Free download NCERT Solutions for Class 10 Science Chapter 8 How do Organisms Reproduce? in PDF form. NCERT Solutions for Class 10 Science other chapters are also for the download. View online all solutions if you want not to download.
NCERT Solutions for Class 10 Science Chapter 8
Important Questions with Answers From Board Papers
How do Organisms Reproduce?
- Question 1:
What is the importance of DNA copying in reproduction?
DNA found in chromosomes in the nucleus of the cell has the information to create proteins which lead to body design of an organisms. If the organisms are to make exact copies of themselves, the DNA should replicate to make an exact copy of itself. DNA replicate in the cell with the help of various enzymes and this is accompanied by division of the basic unit of every organism, i.e., the cell.
- Question 2:
Why is variation beneficial to the species but not necessarily for the individual?
Variations are useful for the survival of species in changed environmental situations. For example, if a population of reproducing organisms were suited to a particular niche (well defined place of abode) and if the niche is drastically changed, the population could be wiped out. However, if some variations were to be present in a few individuals in these populations, there would be some chance for them to survive. Thus, if there is a population of bacteria living in temperate waters and if water temperature increases by global warming, most of bacteria would die. But few a variants resistant to heat would survive and grow further. Variation is thus useful for the survival of species over time.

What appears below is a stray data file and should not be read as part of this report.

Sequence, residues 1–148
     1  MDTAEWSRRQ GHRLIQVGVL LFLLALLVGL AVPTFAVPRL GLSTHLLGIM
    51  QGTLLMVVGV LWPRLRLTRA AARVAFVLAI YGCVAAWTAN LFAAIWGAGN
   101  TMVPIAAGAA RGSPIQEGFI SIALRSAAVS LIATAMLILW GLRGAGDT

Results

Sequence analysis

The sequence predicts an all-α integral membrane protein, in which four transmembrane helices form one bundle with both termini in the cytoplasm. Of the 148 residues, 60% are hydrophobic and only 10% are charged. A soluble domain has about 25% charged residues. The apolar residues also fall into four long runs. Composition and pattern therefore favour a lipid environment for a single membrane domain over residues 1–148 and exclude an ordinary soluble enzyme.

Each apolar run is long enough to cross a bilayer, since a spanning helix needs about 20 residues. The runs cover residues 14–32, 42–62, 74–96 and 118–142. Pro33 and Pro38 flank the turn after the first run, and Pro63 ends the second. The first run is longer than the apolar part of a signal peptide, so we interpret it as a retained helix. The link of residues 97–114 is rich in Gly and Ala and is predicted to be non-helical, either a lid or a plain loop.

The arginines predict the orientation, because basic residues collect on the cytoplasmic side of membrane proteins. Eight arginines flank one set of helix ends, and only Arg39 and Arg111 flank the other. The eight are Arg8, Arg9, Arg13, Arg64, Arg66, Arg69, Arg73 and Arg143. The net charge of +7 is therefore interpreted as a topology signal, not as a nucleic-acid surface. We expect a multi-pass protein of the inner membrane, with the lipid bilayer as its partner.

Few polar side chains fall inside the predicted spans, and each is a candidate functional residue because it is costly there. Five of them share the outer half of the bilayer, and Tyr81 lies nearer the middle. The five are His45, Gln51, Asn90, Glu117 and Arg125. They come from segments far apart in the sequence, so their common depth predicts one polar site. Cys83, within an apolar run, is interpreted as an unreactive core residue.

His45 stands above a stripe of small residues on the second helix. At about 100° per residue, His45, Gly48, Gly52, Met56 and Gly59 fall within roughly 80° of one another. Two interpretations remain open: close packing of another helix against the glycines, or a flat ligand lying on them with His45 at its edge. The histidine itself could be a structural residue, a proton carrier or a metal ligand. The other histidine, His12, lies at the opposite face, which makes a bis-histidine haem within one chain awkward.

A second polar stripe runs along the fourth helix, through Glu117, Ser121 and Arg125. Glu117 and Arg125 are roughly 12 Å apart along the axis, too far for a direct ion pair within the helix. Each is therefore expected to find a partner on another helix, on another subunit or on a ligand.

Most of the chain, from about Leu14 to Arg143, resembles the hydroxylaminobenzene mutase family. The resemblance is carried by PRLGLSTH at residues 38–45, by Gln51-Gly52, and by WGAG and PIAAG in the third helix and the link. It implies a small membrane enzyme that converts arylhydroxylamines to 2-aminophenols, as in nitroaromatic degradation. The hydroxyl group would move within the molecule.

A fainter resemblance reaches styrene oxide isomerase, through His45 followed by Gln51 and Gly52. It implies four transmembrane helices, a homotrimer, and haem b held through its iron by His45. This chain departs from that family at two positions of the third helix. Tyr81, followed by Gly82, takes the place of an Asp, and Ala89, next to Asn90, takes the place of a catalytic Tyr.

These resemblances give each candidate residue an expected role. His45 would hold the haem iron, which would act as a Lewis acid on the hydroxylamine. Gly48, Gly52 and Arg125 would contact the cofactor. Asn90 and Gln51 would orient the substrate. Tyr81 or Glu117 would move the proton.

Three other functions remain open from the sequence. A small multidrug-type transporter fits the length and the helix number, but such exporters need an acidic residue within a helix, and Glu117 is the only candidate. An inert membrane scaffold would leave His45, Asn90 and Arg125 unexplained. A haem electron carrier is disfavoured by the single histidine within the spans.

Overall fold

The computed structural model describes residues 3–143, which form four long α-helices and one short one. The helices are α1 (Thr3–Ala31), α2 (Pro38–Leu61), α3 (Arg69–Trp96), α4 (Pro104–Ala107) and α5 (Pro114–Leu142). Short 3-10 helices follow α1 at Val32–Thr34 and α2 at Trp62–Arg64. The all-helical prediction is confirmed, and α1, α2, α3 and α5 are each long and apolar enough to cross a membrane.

- Question 3:
“Multicellular organisms cannot divide cell by cell.” List two reasons to justify this statement.
Multi cellular organisms cannot simply divide cell by cell because:
- (i) Many multi cellular organism are not simply a random collection of cells. Specialised cell are organised as tissues and tissues are organised into organs which are placed at a definite position in the body.
- (ii) Each organ performs a specific function/functions.
In such a carefully organised situation, cell by cell division (for reproduction) would be impracticable.
- Question 4:
Name the plant that reproduces through leaves. List two advantages of this way of reproduction.
- (i) Many buds are produced in the notches along the margin of a single leaf. Each leaf-bud of Bryophyllum produces a plant.
- (ii) The plants from the buds are exactly similar to the parent plant.
- (iii) A large number of young plants are produced by a single leaf of a plant that helps in survival of the species.